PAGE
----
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Don Jones Don Jones is offline
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Sometimes a cigar is just a cigar. But now that Orwn has put the thought in our heads I'm having quite the time re-reading it. That's deeply unfair in a way but the reader owns the poem as much as the poet.

S2 is not necessary and should be excised.
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  #15  
Unread 09-09-2019, 08:11 PM
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Andrew Mandelbaum Andrew Mandelbaum is offline
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There is no misundertood innuendo "problem" in the poem. My quick comment (late for work) was to say that the intended magic of the poem is more than a match for any attempt to tip its table into the phallic.
The only pause I had was wondering how the pencil didn't blacken the ivory details when using it to clean in the tight spaces of the carving. The type of intellectual questioning that is not needed here but there it was.
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  #16  
Unread 09-10-2019, 11:45 AM
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R. Nemo Hill R. Nemo Hill is offline
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Well, I guess at long last it is my turn to play the literalist (with Ralph). I'd be lying if I didn't confess that all this jerk-off talk didn't begin to get on my nerves. Actually, I suspect that Daniel's oral sex poem has set the members on such a sexual innuendo fishing expedition. Going back through the poem I see where the innuendo takes hold, but I see as many places where it doesn't hold at all. The poem is part of a 'suite' of poems to be gathered under the title Ordinary Objects, each of which may well be accompanied by a photograph of the object in question—so I don't think I need to fret about it being misconstrued beyond this setting.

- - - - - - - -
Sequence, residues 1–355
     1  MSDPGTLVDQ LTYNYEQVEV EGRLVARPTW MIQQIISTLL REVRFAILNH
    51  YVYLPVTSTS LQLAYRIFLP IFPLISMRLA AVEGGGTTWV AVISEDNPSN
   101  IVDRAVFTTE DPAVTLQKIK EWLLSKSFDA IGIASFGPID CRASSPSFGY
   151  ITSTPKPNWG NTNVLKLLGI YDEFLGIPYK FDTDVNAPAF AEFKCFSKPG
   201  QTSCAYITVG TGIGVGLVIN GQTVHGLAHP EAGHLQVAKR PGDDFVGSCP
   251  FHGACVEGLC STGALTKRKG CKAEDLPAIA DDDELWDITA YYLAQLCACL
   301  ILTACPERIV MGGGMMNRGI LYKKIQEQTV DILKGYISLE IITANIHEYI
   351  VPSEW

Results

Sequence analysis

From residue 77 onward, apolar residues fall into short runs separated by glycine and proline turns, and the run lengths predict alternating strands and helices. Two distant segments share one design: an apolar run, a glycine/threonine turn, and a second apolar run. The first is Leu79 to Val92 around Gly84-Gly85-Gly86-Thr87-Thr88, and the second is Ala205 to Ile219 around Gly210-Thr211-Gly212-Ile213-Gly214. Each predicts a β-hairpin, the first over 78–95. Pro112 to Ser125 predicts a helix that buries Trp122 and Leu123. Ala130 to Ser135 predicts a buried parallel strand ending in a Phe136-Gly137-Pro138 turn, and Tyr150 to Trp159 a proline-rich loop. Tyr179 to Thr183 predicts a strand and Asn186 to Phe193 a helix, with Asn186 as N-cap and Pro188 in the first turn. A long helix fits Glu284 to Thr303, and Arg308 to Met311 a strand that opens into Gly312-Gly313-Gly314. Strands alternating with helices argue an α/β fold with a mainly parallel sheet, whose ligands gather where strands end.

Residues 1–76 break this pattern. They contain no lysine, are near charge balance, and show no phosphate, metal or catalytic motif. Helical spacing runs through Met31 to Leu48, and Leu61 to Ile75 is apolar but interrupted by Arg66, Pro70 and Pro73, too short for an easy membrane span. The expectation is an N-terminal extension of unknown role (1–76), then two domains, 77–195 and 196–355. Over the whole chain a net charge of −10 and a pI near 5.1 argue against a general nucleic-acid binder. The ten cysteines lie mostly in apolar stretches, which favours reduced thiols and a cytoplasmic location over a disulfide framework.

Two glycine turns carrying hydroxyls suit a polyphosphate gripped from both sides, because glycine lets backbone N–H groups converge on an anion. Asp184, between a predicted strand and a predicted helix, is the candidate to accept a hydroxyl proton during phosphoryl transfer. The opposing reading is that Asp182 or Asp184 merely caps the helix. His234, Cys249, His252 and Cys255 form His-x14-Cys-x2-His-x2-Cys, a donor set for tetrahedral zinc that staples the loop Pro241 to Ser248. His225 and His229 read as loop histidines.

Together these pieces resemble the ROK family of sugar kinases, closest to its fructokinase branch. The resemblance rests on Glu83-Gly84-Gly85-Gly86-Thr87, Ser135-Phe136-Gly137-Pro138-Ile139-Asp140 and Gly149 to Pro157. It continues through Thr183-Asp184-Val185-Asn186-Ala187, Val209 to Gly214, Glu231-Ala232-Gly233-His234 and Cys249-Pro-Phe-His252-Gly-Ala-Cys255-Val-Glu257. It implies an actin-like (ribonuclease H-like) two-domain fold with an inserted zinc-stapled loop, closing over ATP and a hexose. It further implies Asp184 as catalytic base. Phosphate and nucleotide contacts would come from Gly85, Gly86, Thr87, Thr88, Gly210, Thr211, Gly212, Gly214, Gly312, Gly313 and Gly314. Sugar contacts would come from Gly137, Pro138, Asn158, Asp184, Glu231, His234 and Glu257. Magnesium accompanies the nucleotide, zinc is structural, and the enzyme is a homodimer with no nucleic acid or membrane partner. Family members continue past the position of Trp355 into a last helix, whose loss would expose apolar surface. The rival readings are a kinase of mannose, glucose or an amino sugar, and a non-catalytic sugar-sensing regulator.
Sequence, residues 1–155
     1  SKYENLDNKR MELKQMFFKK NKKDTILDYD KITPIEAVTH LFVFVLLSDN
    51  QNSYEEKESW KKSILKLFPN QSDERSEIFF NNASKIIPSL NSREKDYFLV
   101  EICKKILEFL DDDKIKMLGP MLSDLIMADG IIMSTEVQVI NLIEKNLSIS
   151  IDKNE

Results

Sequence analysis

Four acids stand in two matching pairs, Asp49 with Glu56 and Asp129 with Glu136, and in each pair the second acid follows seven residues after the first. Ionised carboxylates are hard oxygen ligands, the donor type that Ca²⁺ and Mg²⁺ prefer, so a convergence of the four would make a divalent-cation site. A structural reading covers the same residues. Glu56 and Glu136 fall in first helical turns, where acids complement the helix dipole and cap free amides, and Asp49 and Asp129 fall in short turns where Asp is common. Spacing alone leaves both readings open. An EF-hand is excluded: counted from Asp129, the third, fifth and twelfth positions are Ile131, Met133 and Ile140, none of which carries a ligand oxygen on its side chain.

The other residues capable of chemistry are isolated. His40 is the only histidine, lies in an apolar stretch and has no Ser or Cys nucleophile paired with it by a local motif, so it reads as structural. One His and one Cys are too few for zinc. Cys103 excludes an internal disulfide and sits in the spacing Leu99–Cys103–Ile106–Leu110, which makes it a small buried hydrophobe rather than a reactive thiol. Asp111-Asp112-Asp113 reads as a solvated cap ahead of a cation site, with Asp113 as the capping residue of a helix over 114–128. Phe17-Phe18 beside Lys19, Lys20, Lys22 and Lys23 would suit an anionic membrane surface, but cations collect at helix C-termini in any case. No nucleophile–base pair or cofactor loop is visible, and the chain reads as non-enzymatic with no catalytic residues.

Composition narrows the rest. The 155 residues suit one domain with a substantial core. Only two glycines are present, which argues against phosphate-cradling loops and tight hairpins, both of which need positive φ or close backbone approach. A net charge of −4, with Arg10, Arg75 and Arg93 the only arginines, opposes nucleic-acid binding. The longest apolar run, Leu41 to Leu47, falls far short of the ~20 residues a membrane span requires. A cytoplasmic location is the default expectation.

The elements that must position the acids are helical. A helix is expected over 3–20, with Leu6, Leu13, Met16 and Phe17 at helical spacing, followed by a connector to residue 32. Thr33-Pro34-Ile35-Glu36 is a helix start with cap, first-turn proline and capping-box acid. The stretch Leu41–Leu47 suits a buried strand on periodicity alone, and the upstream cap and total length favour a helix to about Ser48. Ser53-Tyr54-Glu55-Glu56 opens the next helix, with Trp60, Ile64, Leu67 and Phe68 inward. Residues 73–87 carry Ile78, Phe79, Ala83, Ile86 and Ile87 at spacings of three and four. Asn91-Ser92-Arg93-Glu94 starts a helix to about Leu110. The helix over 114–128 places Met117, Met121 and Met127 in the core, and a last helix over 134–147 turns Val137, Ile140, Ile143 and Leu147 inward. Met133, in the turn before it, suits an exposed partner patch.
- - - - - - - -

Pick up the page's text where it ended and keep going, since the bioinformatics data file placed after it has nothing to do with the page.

The question remains whether solitude ("whenever one was alone") is by nature a masturbatory state. Perhaps only from the vantage point of the group.

*

Eric, I don't see how this line . . .

‘and if raised to your eye, you could stare right through its middle’

...loses the meter. The poem repeatedly overstuffs several of its pent lines. For instance: for the sake of the launch of this congested cage of a boat. Such rollicking lines are part of the metrical pattern employed.

I also don't view the word adventure as a negative abstraction here. This is a child's view of the object, and of things foreign, exotic. Having little experience as yet to draw on, adventure is a fittingly big word that covers the whole future of times and places.

As for it's a formerly wonderstruck husk, well, it's my favorite line in the poem. I admit that the meter is as condensed there as some other the other lines are expanded. But again, that is part of the aural pattern of the poem. I don't mind the Seussian overtones either. I like that it is both reductive and arcane at the same time. And I like that it is such a mouthful, Roger—I laughed aloud when I wrote it. I feel like its irreverence nicely balances some of the more classically poetic images in the rest of the poem. The tense of the poem changes in that stanza as well, I am no longer talking through the past ("It was one of those forbidden things"), but directly in the present ("It’s one of those imported things")—as such, I feel like a change in tone is appropriate, less wonder-filled, more sardonically adult.

*

I'll get you for this, Orwn!

*